This was the Beatles longest single, running 7:11, and at the time was the longest song ever released as a single. It was the first long song to get a lot of airplay, as radio stations still preferred short ones so they could play more of them. When this became a hit, stations learned that listeners would stick around if they liked the song, which paved the way for long songs like "American Pie" and "Layla." Disc jockeys were the real winners here, as they could finally take a reasonable bathroom break.

The Beatles inner circle was shifting when Paul McCartney wrote this song. John Lennon had recently taken up with Yoko and cast off his first wife, Cynthia; McCartney had broken off his engagement with his longtime girlfriend Jane Asher. He was the only Beatle to reach out to Cynthia and Julian at this time.

The drive to the Lennon home in Surrey was one of reflection for McCartney, who thought about Julian and how difficult life could be as a child of divorce. He wrote the line, "Don't make it bad, take a sad song and make it better" thinking about how he could encourage the boy.

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7. Like A Rolling Stone - Bob Dylan


An iconic Bob Dylan song, "Like A Rolling Stone" is the story of a debutante who becomes a loner when she falls out of high society. It's a crushing blow, but there is an upside: when you got nothing, you got nothing to lose. Another advantage to being on your own: when you're invisible, you have no secrets to reveal.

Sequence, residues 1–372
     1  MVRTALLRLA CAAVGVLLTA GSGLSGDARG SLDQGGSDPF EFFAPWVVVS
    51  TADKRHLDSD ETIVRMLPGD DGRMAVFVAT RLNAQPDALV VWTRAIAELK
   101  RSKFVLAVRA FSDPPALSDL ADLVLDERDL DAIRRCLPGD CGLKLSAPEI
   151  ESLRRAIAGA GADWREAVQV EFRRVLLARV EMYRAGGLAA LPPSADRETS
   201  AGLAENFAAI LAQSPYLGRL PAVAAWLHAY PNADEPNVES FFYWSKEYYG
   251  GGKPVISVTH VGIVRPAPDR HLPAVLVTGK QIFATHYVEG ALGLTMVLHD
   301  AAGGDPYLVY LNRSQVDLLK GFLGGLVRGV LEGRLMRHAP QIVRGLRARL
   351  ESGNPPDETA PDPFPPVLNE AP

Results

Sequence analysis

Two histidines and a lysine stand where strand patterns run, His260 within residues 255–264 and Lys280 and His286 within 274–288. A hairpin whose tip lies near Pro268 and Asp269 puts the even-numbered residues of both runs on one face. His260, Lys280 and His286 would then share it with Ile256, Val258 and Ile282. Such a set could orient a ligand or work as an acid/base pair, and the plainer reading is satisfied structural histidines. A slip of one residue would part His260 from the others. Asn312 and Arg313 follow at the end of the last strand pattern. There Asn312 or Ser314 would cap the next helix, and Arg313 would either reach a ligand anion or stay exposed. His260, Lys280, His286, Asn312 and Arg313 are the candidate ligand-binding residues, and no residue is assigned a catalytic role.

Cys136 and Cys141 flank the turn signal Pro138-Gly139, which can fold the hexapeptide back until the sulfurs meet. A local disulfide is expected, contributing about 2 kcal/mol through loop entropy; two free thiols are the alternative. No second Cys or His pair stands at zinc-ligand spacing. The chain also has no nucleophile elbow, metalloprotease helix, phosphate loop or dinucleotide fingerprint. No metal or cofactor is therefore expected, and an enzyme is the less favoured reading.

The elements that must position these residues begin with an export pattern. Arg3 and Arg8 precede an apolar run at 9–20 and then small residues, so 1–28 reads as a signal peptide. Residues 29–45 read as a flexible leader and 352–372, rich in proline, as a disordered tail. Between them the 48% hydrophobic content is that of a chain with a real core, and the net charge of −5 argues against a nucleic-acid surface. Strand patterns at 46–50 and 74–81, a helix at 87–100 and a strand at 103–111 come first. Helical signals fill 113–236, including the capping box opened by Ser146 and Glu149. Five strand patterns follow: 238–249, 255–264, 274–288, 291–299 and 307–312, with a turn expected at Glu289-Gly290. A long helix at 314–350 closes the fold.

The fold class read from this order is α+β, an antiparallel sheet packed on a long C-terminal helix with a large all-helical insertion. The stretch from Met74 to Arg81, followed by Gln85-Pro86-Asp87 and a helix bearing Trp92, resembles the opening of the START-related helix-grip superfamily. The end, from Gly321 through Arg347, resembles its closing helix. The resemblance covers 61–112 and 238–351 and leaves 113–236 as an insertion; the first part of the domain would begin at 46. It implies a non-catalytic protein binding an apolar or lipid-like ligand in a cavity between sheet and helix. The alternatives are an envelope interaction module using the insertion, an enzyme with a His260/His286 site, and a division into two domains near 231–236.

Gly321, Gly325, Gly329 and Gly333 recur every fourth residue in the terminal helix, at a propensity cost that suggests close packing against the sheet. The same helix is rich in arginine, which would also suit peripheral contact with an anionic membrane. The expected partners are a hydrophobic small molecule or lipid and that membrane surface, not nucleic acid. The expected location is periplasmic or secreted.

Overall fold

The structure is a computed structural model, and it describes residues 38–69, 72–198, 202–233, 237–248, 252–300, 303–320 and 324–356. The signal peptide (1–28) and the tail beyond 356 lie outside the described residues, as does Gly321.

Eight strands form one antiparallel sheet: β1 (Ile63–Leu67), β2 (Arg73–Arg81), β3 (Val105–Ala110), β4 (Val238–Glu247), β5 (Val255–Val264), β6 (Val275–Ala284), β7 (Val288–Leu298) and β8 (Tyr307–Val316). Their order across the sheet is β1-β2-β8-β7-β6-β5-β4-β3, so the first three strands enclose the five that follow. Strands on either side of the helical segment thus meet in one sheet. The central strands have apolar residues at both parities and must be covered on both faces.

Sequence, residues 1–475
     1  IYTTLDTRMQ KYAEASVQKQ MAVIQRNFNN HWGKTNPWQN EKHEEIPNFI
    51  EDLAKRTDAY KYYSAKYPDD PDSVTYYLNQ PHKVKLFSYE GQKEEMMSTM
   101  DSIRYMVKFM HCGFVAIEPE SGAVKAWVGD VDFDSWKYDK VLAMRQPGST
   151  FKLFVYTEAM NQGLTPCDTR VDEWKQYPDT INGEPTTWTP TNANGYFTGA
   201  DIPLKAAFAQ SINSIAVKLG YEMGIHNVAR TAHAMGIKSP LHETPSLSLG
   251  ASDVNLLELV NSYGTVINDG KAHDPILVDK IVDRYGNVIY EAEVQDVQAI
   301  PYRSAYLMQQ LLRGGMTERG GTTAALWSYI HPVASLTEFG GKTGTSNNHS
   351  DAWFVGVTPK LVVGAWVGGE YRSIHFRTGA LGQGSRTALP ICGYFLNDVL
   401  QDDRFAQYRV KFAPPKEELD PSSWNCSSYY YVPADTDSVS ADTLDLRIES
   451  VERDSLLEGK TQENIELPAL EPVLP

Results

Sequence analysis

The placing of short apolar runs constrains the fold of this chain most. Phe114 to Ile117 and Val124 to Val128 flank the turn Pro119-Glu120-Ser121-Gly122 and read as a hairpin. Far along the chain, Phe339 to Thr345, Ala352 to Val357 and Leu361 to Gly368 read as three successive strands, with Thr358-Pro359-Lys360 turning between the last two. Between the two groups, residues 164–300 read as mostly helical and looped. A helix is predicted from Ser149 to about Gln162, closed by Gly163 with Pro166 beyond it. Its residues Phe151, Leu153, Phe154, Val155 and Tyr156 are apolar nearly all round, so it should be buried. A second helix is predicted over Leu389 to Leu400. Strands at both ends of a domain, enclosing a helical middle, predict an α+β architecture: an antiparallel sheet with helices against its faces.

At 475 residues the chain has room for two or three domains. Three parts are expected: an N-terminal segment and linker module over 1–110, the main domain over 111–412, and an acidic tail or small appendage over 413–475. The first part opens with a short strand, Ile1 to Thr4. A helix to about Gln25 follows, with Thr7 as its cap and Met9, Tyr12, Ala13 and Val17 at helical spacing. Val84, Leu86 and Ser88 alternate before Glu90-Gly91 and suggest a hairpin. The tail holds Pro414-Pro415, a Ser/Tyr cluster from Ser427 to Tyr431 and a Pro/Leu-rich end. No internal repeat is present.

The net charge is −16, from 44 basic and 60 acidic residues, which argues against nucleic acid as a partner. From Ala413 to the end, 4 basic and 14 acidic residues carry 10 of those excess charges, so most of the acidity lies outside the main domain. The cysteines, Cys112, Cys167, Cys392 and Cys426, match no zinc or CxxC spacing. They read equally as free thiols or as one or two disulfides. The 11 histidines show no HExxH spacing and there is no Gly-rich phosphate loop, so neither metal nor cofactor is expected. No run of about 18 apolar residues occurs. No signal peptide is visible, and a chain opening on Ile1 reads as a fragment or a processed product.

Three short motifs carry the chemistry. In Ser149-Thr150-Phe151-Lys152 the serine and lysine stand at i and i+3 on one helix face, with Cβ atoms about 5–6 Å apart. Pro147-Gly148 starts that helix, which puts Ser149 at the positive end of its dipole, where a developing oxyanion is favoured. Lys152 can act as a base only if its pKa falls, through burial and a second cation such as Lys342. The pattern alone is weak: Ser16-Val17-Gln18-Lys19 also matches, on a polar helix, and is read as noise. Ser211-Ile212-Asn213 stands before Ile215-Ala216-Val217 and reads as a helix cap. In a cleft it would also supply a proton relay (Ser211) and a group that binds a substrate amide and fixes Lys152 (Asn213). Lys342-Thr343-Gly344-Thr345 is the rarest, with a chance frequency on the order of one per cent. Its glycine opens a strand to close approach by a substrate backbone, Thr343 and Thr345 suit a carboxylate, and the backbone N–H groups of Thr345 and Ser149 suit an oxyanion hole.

The title is not a reference to The Rolling Stones. It is taken from the proverb "a rolling stone gathers no moss." Dylan got the idea from the 1949 Hank Williams song "Lost Highway," which contains the line, "I'm a rolling stone, all alone and lost."

Thanks to The Rolling Stones, many associate the phrase with a life of glamor, always on the move, but Williams' song is about a hobo paying the price for his life of sin. Dylan also used the phrase to indicate loneliness and despair: his rolling stone is "without a home, like a complete unknown."

"Like A Rolling Stone" is Dylan's most popular song and his first big hit, although having a hit song was low on his list of priorities.

It was the only single from his sixth album, Highway 61 Revisited, released in 1965 when he was buzzworthy - especially in the New York City music scene - but hardly a sensation. The song got significant airplay and many connected with it, sending them on an enlightening journey through his back catalog. Dylan became one of the most respected and analyzed songwriters of his time, with "Like A Rolling Stone" often the gateway.